Thirty-three-year-old Omar’s journey, from spending four years in a refugee camp in Kenya to becoming America’s first Somali-American state lawmaker by winning the race for House District 60B, is well known, but the film allowed Shapiro to live the ultimate dream of any storyteller: bearing witness to history, and capturing it for all time.
“Kind of magic,” she said. “It’s an incredible honor. And it’s a leap of faith. Ilhan and I have talked about this: It was a leap of faith on my end, and it was a leap of faith certainly on her end. I credit her and her advisers at the time the decision was made to go on this journey together. None of us knew what was going to happen. We all hoped. I certainly had an instinct, but all I knew was that it was a story I wanted to tell, because I couldn’t predict the future.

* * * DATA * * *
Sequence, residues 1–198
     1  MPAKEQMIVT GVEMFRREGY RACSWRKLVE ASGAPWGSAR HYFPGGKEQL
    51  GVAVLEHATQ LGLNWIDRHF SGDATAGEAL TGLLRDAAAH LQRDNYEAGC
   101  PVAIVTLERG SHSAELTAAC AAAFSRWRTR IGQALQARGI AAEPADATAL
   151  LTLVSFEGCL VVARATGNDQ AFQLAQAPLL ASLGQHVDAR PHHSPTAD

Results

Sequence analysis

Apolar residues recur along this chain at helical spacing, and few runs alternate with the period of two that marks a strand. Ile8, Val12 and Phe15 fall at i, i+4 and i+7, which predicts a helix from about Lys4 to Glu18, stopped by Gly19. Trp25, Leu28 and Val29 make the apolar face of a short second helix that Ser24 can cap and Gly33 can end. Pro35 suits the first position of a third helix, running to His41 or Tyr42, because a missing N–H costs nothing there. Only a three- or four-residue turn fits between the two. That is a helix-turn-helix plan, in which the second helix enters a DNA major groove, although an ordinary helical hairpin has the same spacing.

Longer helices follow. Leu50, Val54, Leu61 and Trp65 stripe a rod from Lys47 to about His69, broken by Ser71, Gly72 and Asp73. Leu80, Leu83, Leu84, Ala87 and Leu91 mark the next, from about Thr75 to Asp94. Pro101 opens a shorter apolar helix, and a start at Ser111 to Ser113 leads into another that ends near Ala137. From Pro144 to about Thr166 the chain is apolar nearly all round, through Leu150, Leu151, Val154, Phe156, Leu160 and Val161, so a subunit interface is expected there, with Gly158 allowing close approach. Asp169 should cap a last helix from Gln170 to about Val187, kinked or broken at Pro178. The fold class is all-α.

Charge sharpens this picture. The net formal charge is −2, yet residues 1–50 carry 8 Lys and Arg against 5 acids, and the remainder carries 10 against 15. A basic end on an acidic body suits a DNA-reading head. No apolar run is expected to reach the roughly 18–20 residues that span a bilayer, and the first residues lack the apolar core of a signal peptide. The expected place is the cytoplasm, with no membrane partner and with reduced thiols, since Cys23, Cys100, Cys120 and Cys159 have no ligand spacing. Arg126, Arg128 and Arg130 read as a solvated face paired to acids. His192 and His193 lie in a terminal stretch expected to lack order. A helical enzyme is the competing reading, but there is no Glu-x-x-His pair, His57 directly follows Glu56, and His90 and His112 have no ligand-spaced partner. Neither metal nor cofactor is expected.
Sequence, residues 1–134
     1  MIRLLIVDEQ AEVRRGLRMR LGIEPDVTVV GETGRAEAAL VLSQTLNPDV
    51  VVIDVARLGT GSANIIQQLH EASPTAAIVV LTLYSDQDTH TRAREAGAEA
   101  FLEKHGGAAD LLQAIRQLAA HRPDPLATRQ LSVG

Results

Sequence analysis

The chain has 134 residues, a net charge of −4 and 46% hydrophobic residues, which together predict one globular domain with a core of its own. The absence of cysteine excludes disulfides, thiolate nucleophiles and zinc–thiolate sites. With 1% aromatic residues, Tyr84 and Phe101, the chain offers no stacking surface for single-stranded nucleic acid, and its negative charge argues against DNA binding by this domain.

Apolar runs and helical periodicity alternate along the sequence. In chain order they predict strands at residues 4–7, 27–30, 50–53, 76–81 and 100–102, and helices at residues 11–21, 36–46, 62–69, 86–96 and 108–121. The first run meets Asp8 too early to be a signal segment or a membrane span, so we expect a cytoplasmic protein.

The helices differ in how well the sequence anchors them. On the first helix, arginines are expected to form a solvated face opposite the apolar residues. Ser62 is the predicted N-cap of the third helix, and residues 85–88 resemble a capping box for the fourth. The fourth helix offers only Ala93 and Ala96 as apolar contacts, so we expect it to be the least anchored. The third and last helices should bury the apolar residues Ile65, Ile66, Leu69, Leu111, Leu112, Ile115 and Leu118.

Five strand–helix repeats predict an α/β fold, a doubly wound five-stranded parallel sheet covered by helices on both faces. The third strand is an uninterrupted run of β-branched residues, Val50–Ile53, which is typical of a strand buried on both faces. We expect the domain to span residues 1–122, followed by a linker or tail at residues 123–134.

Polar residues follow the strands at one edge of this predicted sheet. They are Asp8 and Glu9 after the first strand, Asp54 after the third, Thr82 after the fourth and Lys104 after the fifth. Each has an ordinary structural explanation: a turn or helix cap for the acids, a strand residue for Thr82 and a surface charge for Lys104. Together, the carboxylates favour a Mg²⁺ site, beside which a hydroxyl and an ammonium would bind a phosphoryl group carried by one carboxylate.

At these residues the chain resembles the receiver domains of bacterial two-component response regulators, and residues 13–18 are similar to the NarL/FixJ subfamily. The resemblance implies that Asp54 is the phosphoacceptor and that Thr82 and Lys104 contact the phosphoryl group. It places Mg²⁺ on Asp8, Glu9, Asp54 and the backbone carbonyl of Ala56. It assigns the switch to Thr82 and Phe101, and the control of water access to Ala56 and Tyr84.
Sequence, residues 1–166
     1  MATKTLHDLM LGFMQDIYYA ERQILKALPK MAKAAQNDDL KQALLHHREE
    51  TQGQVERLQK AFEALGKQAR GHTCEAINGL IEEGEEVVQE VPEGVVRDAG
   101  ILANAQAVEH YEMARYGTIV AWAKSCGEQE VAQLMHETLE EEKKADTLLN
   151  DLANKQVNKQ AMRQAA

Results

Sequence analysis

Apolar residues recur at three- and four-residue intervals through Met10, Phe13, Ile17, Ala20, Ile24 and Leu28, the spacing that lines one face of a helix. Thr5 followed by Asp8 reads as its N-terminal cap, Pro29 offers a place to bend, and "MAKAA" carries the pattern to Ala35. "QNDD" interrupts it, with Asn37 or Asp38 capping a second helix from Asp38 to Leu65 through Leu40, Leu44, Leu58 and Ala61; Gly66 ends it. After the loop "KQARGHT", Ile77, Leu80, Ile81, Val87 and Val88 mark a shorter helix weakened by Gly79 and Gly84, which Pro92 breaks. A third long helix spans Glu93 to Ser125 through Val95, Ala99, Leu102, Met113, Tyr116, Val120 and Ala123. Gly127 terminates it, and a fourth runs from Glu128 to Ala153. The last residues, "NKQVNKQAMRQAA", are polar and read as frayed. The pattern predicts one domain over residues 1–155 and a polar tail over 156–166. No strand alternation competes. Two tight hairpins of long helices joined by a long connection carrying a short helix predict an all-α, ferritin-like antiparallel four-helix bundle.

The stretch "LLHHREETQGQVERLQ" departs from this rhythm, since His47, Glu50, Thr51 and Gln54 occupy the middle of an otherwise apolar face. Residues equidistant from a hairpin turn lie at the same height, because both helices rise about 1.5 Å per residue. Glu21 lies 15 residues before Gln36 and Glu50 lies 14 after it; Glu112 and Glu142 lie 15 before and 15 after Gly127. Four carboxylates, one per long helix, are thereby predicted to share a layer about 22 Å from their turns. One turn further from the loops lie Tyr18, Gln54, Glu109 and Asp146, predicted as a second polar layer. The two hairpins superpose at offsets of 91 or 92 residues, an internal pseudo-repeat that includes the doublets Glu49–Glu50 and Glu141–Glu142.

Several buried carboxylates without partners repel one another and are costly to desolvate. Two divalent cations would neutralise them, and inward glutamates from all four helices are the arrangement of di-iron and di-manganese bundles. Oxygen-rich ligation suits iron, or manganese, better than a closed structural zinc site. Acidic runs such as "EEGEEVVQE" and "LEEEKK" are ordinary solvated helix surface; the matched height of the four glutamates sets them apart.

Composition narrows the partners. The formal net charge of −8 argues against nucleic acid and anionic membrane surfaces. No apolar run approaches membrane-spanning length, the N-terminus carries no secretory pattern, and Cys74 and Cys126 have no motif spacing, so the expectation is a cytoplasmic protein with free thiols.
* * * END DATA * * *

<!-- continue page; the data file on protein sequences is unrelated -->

“I knew that even if Ilhan didn’t win that race, she was still symbolic of a story that I wanted to tell, and the way that she was running that campaign and the kind of candidate that she was was a story that was important to tell. I was pretty certain that if she didn’t win that one, she nonetheless was a rising star. It was just a remarkable honor for me, it continues to be one of the biggest honors of my life – to have been there, and to have captured this, because it’s such an important story for so many people, so much more broadly than just at the local level.”
Shapiro and crew are currently working on plans for “something big” for the Minnesota premiere of “Time for Ilhan,” tentatively set for the end of the summer or early fall. Until then, film and freedom fans will have to make do with sneak previews from the director’s cut.